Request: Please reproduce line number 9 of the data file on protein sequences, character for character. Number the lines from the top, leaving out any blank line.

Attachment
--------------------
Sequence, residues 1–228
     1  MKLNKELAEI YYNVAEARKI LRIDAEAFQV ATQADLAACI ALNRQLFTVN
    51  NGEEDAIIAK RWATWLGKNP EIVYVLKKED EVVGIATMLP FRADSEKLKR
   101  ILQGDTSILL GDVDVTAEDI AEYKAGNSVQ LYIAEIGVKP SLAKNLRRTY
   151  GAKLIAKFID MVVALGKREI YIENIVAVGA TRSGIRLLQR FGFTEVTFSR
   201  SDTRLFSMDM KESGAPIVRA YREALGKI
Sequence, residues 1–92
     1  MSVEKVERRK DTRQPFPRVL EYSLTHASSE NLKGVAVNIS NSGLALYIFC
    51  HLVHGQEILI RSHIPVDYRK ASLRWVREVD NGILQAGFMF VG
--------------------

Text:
    51  HLVHGQEILI RSHIPVDYRK ASLRWVREVD NGILQAGFMF VG